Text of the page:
Beneficiary entitled under indigenous custom
MICHAEL, an indigenous Australian, died without a will.
He had very few physical assets but searches revealed funds in superannuation with a substantial death benefit payable.
In order to deal with the superannuation, a grant of letters of administration was required by the fund.
When Michael died he did not leave a surviving spouse, had no children or parents.
He left no siblings, nieces, nephews, aunts or uncles.
In the absence of a next of kin, the state is entitled to the whole of the estate.
However, Christopher had been cared for by Michael after living with him most of his life and as far as the community was concerned, the pair were akin to brothers.
As Michael left no other dependents, Christopher consulted a solicitor who advised there are special provisions applying to allow him to claim under the customs and traditions of the indigenous community.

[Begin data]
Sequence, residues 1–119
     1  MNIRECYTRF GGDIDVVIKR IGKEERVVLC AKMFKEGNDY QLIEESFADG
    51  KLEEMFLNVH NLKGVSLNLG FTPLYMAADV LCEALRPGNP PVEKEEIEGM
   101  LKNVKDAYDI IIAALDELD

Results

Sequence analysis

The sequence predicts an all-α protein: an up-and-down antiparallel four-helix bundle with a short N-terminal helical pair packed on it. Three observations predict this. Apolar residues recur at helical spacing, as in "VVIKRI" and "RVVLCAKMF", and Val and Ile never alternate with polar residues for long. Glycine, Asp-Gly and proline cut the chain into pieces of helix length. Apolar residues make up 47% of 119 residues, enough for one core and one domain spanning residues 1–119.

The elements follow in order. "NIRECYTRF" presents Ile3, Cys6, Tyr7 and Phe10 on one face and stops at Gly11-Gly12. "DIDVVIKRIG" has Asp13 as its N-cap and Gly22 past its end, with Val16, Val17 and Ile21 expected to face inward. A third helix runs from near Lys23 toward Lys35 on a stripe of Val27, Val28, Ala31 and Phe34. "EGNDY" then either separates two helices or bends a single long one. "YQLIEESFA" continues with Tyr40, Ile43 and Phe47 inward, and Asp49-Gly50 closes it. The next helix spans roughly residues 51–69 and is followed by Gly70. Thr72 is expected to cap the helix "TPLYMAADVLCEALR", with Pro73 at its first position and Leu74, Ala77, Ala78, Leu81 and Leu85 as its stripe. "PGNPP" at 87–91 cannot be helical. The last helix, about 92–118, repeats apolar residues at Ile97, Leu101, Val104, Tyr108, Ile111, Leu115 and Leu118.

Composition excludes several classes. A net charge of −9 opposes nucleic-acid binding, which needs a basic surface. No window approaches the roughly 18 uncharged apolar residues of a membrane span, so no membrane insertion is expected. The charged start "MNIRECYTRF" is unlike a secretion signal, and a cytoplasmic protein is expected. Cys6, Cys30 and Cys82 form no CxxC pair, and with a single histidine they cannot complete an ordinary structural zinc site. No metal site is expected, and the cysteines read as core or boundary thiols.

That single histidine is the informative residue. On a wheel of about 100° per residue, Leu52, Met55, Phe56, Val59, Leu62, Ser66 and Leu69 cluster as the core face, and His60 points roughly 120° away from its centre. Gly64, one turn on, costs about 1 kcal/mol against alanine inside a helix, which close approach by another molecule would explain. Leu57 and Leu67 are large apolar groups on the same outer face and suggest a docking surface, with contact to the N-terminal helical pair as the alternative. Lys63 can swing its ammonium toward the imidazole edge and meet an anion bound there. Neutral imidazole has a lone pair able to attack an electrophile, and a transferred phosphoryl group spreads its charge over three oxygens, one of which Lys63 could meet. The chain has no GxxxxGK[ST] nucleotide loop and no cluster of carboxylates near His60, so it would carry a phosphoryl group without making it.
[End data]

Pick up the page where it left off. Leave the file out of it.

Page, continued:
Three community elders gave affidavit evidence it would be expected for Christopher to inherit Michael's estate in the absence of any other family.
Christopher gave evidence that searches to locate a will were unsuccessful.
These included searching Michael's personal effects and making inquiries with solicitors in the local area, Michael's bank and the NSW Trustee and Guardian.
The court ordered Christopher was entitled to the whole of Michael's estate by virtue of the customs and traditions of his indigenous community and it was just and equitable to grant Christopher the right to administer the estate on the basis he was the sole beneficiary.
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